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    1. Liv, Bannon is a scary, legitimately evil presence who has the ear of a president with no thoughts of his own. Talk about worst case scenarios. There's actually a character on Homeland this season who might be inspired by Bannon's conscience free approach to propaganda/ fake news. I'm always glad to see you here.

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  4. Thank you. I've heard about this, as we all have, but I was a little hazy on how it actually worked -- how people could so easily fall for it. Something in your writing just brought it all home. And I agree with Barbara. This is much scarier than the old threat of nukes when we -- well, apparently some of us :) -- were kids. Mary

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    1. Mary, at least back then the drill was driven by the idea of citizen protection. Who's trying to protect us now? Not 45 and his dastardly crew. No, they are actively inflicting harm and chaos through spreading malignant falsehoods, so yes, it's terrifying. Thanks for your comment here.

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  5. Yes!! This is one of my favorite Homeland seasons to date, and Rupert Friend is tremendous this season.

    Social media is a breeding ground for noise and baiting, and it's so heavily populated.

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    1. Candice, I love Rupert Friend! He's such a great actor and a bit swoon worthy too.

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  6. I watched it. Agree with you but my jaw didn't drop. I wish it had. Instead I found myself in this most uncomfortable zone of yeah, I knew it all along cynicism. We all know about social media spying on us, about our private information - which we so willingly put out there - being used and abused but what do we care. So finding out about sock puppets is doing what? Getting us on the streets? Should this be real (it IS real) will we all protest? Of course not. We have been bought a long time ago.

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    1. Sabine, I do think that helping to make people aware this is happening is doing something. I think the Homeland creators contributed to our awareness with that episode. Now we know more surely that we are being intentionally misinformed and manipulated. Our behavior and responses will change as a result. It might be incremental sometimes, but multiply the informed and we become a crashing wave. Resistance takes many forms. That scene in Homeland was an act of resistance, possibly a very deliberate one on the part of the writers. We do what we can where we are. Sometimes that might mean being as loving as we can to everyone we encounter in the course of a day. I guess I'm choosing to believe energy and intent amplify the power of our resistance. It could be true. Love to you, dear Sabine.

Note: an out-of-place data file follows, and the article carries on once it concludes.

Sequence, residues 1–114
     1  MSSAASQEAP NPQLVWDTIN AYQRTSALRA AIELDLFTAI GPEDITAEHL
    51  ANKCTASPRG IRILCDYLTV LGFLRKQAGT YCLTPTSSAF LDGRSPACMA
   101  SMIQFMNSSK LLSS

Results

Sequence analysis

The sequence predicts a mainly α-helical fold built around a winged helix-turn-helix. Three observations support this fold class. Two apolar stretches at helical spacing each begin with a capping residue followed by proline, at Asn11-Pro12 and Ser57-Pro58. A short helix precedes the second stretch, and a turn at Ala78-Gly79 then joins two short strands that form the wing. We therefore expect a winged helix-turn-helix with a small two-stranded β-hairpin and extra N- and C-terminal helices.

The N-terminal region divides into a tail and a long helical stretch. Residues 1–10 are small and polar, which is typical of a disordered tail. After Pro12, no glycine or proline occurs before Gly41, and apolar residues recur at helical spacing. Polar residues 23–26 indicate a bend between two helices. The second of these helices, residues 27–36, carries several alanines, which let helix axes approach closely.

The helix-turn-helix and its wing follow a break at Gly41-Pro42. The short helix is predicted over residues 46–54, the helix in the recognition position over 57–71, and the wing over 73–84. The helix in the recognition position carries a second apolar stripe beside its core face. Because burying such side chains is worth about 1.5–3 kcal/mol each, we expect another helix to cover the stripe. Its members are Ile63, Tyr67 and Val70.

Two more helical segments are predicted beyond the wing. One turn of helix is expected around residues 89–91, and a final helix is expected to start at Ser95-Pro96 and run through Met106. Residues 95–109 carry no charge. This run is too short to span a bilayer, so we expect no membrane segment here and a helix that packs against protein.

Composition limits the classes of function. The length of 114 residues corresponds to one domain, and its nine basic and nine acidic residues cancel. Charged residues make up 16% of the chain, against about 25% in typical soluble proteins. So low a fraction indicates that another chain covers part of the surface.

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  7. With the new, lax rules allowing no privacy for Internet searches, I'm wondering about how to curtail; my usage and perhaps only search from public computers and whether to simply delete the blog and FB and go dark.

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    1. e, internet privacy just seems like such an obvious thing to support. i don't get it.

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  8. I hadn't heard that term -- "sock puppets." Interesting. I must admit I gave up on Homeland a season or so back. Maybe I should try it again!

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    1. Steve, apparently, this sock puppet scheme is also know as "active measures," a term coined by the Russians, as indeed the whole internet misinformation juggernaut was first deployed by same.

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  9. I don't watch it but now I'm going to. The New Yorker recently had a huge article about how the Russians have been taking these active measures for years, since the 80s at least, but the internet has allowed them to find true success.